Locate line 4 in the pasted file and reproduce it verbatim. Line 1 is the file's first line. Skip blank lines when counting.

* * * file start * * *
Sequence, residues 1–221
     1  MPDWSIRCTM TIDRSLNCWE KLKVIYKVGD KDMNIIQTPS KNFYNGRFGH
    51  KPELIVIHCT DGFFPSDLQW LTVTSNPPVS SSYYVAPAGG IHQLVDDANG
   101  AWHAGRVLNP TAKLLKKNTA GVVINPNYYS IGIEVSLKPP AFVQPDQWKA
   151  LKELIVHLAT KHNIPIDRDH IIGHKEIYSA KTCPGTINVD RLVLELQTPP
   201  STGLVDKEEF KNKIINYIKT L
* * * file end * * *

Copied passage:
   101  AWHAGRVLNP TAKLLKKNTA GVVINPNYYS IGIEVSLKPP AFVQPDQWKA